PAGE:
Even electric vehicles may ultimately no longer be viable in a world increasingly choked with people. But it is tempting to speculate what that world would look like now if public transportation had shared the road with electric cars. A lot of the oil floating in the atmosphere around the world would still be in the ground. A lot of the people killing to get the means to poison themselves and the planet would still be alive. The US would have a long-haul transportation system that made sense. We could even keep a few oil-powered cars around for those who really need them and for those of us who would like to pay two or three times what it costs to get from point A to point B by driving instead of flying when the trip involves an overnight stay.

And while you are at it, take a look at Daniel Yergin’s “The Prize: The Epic Quest for Oil, Money, and Power”. It is a remarkably honest history of the oil industry for someone who is head of Cambridge Energy Associates and often accused of being the mouthpiece for the oil industry. In it you will discover, among other things, that: FDR was warned towards the end of WWII that ‘peak oil’ was coming for the US by two naval petroleum geologists; that Eisenhower sensibly wanted to use the rest of the world’s oil first and opposed tariff protection for the US oil industry but was overruled by that paragon of wisdom and leadership the US Congress; that there really WAS a ‘free market’ in oil production in the early years of the industry – and that it was not such a good thing if one was interested in the overall health of the oil fields from which so many ‘independent businessmen’ were sucking the blood of the earth.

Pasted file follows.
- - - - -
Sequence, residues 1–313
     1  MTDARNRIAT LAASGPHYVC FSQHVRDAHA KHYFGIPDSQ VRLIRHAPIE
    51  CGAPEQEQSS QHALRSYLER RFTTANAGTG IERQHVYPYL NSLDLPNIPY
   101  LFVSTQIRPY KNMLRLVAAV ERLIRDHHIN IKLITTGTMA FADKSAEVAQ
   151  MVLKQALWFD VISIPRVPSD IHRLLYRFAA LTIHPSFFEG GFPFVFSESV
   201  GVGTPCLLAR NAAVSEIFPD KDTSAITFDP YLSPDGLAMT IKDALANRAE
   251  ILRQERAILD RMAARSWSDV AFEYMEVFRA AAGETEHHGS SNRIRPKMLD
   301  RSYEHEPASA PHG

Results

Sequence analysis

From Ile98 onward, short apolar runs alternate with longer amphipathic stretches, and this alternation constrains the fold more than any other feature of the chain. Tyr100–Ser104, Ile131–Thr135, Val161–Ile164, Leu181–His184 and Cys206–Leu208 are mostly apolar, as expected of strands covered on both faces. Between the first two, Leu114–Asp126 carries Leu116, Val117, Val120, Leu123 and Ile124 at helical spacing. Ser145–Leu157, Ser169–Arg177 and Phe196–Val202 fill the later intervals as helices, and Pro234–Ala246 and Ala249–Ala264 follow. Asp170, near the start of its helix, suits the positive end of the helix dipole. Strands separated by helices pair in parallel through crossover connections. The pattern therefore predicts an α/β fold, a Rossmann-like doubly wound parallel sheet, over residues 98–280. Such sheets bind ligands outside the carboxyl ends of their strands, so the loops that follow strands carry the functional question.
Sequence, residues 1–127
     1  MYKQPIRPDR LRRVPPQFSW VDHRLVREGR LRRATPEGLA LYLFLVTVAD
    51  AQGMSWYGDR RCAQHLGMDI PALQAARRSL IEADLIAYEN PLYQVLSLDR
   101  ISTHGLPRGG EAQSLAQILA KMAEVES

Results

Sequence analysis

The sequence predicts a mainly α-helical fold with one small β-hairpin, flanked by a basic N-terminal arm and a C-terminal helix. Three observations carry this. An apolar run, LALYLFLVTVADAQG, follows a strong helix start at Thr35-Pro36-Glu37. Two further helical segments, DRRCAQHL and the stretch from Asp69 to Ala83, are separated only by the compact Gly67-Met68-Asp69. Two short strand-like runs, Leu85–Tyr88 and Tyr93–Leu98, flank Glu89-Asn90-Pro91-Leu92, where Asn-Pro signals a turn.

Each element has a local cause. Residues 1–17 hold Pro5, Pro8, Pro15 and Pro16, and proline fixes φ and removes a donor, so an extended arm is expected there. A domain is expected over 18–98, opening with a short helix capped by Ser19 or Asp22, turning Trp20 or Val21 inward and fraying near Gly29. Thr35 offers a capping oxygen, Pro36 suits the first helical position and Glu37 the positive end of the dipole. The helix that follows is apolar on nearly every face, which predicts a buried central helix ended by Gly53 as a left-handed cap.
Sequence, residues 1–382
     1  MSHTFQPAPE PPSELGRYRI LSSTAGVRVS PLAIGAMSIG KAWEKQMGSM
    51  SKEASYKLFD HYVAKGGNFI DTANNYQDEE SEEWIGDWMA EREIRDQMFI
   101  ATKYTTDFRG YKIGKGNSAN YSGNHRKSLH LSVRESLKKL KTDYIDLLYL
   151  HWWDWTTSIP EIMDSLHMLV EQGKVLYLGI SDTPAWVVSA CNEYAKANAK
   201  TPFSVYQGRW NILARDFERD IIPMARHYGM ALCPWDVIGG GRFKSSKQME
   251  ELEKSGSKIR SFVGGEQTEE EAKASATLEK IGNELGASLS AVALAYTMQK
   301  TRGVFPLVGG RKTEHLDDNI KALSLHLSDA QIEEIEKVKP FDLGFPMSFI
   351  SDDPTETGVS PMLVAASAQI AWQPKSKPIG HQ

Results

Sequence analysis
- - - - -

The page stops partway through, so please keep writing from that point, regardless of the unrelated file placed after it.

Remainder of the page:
Hope I’ve perked your interest.

· M@ (not verified) · 3 years ago

"And yet in order to give this up, it would mean unraveling so much of the fabric of our daily lives—sacrificing so much, becoming radical eccentrics riding bicycles everywhere, that we continue somewhat guiltily to participate in the system.”